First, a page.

Obesity is a major health concern in many parts of the world. Scientists think that a potential treatment could lie in your gut. They’ve developed genetically engineered gut bacteria that could help prevent obesity and related diseases.
What is obesity, and why is it dangerous?
Obesity is a condition where a person weighs significantly more than they should, in relation to their height. It can lead to serious health problems.
For example, obesity can cause atherosclerosis, the hardening and narrowing of the arteries. Excess fat in the body starts to accumulate in the arteries and hardens them. This blocks the blood supply to major tissues and organs.
Obesity can also lead to many other diseases like heart disease, stroke, and fatty liver disease. That’s a condition where fat builds up in the liver and stops it from working properly.
Did you know? Body Mass Index (BMI), a way to evaluate body weight, is the ratio of a person’s weight to the square of their height. Normal BMI is 18.5-24.9. The BMI of obese people is usually over 30.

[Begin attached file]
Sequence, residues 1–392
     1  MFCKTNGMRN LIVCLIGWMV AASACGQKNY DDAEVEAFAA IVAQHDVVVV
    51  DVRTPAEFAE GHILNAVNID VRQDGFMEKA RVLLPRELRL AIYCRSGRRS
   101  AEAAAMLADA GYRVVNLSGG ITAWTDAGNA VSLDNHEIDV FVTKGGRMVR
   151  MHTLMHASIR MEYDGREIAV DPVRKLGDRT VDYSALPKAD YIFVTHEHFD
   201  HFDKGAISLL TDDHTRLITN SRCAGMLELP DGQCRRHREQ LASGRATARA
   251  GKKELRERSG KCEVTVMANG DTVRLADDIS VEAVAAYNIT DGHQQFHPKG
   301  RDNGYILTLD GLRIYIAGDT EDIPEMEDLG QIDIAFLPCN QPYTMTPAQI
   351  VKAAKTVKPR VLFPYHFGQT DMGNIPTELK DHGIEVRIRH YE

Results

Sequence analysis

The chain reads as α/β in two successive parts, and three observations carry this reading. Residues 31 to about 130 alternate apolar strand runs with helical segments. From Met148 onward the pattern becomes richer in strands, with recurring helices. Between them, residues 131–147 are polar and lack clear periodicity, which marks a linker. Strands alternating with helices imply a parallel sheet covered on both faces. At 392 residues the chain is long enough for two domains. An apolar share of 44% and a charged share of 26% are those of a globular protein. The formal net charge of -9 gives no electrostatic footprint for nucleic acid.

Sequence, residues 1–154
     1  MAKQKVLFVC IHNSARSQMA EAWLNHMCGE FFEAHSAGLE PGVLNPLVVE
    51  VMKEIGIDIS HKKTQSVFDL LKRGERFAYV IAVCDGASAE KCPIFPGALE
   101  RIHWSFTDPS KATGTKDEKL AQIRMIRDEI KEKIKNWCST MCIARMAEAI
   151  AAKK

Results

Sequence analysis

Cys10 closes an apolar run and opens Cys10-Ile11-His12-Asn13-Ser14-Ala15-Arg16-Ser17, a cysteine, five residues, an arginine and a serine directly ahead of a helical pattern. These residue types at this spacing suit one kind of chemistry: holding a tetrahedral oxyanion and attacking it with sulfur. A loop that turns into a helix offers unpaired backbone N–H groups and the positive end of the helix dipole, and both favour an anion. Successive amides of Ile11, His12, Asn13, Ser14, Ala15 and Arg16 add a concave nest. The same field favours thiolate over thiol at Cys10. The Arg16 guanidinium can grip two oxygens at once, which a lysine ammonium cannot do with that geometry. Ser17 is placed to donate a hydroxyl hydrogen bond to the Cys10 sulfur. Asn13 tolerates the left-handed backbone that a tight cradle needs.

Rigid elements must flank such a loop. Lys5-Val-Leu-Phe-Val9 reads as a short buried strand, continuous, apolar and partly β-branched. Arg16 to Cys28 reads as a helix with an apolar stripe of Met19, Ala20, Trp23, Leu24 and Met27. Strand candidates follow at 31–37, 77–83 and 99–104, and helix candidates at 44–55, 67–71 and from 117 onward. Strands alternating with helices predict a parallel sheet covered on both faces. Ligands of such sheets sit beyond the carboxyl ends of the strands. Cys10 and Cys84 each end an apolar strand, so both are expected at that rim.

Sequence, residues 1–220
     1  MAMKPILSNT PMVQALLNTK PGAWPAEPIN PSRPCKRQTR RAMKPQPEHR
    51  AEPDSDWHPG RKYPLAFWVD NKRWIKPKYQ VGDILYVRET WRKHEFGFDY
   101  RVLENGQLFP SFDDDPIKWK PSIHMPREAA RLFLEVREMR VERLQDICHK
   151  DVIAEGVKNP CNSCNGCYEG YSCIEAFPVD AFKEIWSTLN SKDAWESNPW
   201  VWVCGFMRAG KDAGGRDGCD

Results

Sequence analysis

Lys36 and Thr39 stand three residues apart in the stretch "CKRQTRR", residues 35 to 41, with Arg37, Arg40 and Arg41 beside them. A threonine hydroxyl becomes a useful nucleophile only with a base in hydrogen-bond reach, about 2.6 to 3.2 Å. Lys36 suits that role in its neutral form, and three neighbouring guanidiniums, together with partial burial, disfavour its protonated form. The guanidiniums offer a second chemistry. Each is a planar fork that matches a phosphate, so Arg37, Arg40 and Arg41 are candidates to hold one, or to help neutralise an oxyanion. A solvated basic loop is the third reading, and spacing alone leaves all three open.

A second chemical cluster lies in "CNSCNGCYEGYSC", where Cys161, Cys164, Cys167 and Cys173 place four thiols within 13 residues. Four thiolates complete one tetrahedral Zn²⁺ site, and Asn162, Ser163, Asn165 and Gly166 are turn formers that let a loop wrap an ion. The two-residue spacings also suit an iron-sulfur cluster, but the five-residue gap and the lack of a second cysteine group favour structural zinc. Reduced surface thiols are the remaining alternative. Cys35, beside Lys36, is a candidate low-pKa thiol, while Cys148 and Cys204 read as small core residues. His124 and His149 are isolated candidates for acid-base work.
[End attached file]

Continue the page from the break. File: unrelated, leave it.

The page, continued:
Recent research on gut bacteria
Scientists know that some microorganisms that live in your gut can affect obesity. Researchers at Vanderbilt University were curious to know if changes to these gut microorganisms could help treat or even prevent diseases linked to obesity.
They engineered gut bacteria to produce a type of lipid that is usually produced in the small intestine. It helps suppress appetite and reduce inflammation. People who are obese have less of this lipid than people who aren’t.
In one study, the Vanderbilt researchers studied weight gain in mice. They gave some of the mice water with the engineered bacteria in it. Other mice received either regular water with no bacteria, or water with control (untreated) bacteria. The results? The mice getting the engineered bacteria gained less weight than the others, even though they were eating a high-fat diet.
The researchers repeated this experiment with mice prone to atherosclerosis and fatty liver disease. The mice getting the engineered bacteria had less fat buildup in the liver and somewhat less plaque buildup in the arteries than the mice in the control group.
Did you know? According to the World Health Organization (WHO), worldwide obesity rates have doubled since 1980!
What does the future hold?
This fascinating research could lead to treatments for preventing obesity and the diseases it can cause. A lot more work needs to be done before these techniques are tested on humans. But some scientists hope that genetically engineered bacteria will be used to treat obesity in the future.